As we have done in the past, Carly and I put various climbing destinations in the calendar through the summer to help motivate us to go to different locations. While we haven’t been 100% successful in going to all the places we entered, we’ve gotten some good trips this summer so far. One of the bigger ones was another trip back to the Winds and the Cirque of the Towers.
Two years ago we went to the Winds, but to a new area. That trip turned out good, but weather kept us from climbing too much. This year we planned for August, typically a little more stable weather month.
For this trip we decided to go to the center of it all in the Winds climbing, the Cirque of the Towers. I’d been here before a number of years ago. Similar to that trip the East Ridge of Wolf’s Head (5.6) was on the ticklist. In addition was Pingora.
Not unlike the last two times I’d been to Big Sandy Trailhead, I was amazed at the number of cars. There were again perhaps 200 cars at the trailhead and unfortunately the parking is probably designed for only 1/2 of that at best. We squeezed in and did our final packing. This really included just going through our packs and leaving out anything we thought we didn’t really need. Still our packs were 36 and 42 lbs for Carly and I.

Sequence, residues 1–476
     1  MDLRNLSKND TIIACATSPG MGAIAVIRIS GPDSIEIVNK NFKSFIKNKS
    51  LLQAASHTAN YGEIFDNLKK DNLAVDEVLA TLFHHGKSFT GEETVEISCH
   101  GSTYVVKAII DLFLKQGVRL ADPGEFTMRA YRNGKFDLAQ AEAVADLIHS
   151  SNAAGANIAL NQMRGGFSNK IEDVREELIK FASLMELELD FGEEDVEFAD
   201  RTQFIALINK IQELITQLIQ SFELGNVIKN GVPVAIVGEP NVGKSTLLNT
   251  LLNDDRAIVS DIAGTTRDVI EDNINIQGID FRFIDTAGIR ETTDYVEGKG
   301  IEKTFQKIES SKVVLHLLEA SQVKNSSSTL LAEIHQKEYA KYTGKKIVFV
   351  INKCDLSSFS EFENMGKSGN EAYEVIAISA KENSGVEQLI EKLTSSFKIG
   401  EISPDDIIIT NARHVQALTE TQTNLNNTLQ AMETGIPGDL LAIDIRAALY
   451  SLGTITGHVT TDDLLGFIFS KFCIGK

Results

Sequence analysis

The hike in is about 8 miles and ~2000′ of elevation change. We decided to get a little more sleep and leave Thursday morning drive to Big Sandy Trailhead. This unfortunately necessitated much of the hike being during the peak heat of the day. Luckily the hike is scenic and the first 5 miles are relatively easy.
Cresting Jackass Pass and getting the full view into the cirque is a great reward for all the dusty miles traveled. The temperature cooled and the gargoyle like spires of granite tower overhead. After finding a campsite, not a trivial task, we made some food and enjoyed the view.
Early Friday we set off towards the spine of granite that we’d seen illuminated brightly against a shadowy backdrop of north facing walls. The East Ridge of Wolf’s Head (5.6) was our objective. I did this route last time in the Cirque, but it is classic enough to warrant a second, third or even more visit. This time I had a slightly better idea of what the climb entailed and therefore better gear. Proper climbing shoes and larger gear to protect the many wide hand traverses.